Anyone in the province, regardless of their vaccination status, should get tested if they are experiencing even just one of the symptoms of COVID-19 listed above. Do not assume it is just a cold. There has been community spread and outbreaks across the country because people were mildly symptomatic and did not get tested or limit their activity. It is essential to find any cases of COVID-19, so that Public Health can do their job effectively and contain the spread of the virus as much as possible.

All travellers coming to Newfoundland and Labrador, including Newfoundland and Labrador residents, are required to fill out a travel form found here. The travel form can be completed up to 30 days prior to the travel date. Please submit proof of your COVID-19 vaccination by uploading it to your form. If you are over 12 and not vaccinated against COVID-19, you will be required to self- isolate upon entry into the province. If you travelled from within the Atlantic Provinces and are an Atlantic Canadian resident, you will need to complete the travel form but you will not need to complete the vaccination section.

The most up to date vaccine data and the number of vaccine doses administered is on the provincial COVID-19 data hub. Information on COVID-19 vaccines for Newfoundland and Labrador is available online here. Additional information on the COVID-19 vaccination rollout is on the websites for each of the regional health authorities:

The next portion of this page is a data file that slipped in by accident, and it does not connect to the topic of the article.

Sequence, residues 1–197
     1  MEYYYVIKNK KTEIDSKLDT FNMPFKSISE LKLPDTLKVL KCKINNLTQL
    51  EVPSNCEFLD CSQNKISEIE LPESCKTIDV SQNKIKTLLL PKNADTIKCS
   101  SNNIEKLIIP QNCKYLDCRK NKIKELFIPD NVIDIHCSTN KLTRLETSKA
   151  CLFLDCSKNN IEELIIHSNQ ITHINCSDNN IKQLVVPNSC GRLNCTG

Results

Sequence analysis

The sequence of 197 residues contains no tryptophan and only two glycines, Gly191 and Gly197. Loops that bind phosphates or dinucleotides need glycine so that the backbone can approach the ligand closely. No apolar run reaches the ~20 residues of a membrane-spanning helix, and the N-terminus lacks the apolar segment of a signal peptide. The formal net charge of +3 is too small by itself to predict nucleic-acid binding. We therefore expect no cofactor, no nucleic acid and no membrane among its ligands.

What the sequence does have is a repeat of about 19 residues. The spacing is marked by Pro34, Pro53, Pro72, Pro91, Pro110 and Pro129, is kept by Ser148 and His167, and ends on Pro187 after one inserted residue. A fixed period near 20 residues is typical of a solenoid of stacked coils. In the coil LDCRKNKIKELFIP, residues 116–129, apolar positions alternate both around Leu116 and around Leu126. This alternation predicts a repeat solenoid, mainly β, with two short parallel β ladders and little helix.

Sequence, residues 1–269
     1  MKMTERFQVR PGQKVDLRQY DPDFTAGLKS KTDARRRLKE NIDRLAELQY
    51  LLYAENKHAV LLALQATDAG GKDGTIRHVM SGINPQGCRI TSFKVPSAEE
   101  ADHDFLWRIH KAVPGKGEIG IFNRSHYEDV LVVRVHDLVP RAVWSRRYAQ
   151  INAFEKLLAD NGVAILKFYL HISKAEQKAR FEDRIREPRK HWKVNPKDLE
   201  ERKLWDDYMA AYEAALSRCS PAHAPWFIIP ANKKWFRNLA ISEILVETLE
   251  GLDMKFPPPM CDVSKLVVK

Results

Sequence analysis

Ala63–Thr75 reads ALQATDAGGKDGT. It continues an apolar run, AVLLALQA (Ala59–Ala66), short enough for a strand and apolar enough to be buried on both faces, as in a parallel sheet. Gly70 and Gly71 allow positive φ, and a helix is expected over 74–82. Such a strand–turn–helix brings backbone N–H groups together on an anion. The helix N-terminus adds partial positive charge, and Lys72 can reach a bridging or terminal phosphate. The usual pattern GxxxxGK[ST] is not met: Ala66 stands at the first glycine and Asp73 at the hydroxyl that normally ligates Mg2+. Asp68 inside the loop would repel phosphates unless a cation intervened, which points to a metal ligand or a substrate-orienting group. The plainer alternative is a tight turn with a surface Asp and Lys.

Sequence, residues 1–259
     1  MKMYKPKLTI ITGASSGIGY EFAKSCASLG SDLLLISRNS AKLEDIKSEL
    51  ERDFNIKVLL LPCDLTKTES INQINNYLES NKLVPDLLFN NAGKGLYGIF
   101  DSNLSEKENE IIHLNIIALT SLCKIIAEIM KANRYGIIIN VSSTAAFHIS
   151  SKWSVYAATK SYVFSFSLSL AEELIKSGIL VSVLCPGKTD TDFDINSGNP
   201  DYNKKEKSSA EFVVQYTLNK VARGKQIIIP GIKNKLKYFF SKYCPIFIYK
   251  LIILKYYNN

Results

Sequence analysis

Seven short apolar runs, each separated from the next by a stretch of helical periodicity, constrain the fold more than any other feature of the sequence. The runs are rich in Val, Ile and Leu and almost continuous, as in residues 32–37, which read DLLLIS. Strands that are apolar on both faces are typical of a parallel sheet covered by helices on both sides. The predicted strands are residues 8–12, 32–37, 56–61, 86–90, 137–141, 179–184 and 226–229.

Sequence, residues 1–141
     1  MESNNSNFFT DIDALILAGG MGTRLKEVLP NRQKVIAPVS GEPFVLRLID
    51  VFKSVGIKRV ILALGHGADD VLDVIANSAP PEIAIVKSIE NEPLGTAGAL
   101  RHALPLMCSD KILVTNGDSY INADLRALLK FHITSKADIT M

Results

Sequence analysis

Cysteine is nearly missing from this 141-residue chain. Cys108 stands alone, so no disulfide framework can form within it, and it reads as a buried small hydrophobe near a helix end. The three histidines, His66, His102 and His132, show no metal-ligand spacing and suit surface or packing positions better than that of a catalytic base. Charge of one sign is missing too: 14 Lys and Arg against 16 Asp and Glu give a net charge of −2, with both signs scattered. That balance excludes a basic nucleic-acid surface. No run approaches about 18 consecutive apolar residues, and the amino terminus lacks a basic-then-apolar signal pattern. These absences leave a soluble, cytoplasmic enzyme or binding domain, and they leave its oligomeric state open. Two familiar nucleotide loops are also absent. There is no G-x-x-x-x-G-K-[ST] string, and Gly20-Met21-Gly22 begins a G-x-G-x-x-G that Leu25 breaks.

Eastern Health
Central Health
Western Health
Labrador-Grenfell Health

Please continue following the proven Public Health measures in place to prevent the spread of COVID-19. People are encouraged to download COVID Alert to help reduce the spread of the virus. It is available free through the Apple or Google Play app stores. For the most up-to-date information related to COVID-19, please visit


Media contact
Lesley Clarke
Health and Community Services
709-729-6986, 699-2910
[email protected]


GNB: New COVID-19 measures go into effect tonight at 11:59 p.m.

21 September 2021

FREDERICTON (GNB) – Beginning tonight at 11:59 p.m., people will be required to show proof of full vaccination when accessing certain events, services and businesses, and masking will be mandatory in all public indoor spaces. In addition, anyone entering New Brunswick must pre-register through the New Brunswick Travel Registration Program.

People will need to show proof of full vaccination whenever they access certain services, businesses and events, including:

  • indoor festivals, performing arts and sporting events;
  • indoor and outdoor dining and drinking at restaurants, pubs and bars;
  • movie theatres, nightclubs, amusement centres, pool halls, bowling alleys and casinos;
  • gyms, indoor pools and indoor recreation facilities;
  • indoor group exercise facilities;
  • indoor organized gatherings, including weddings, funerals, parties (excluding parties in a private dwelling), conferences and workshops;
  • indoor organized group recreational sports, classes and activities; and
  • visiting a long-term care facility.

Events, businesses and services that fall under these categories must ask to see proof of full vaccination and government-issued identification from all patrons and participants who are 12 and older.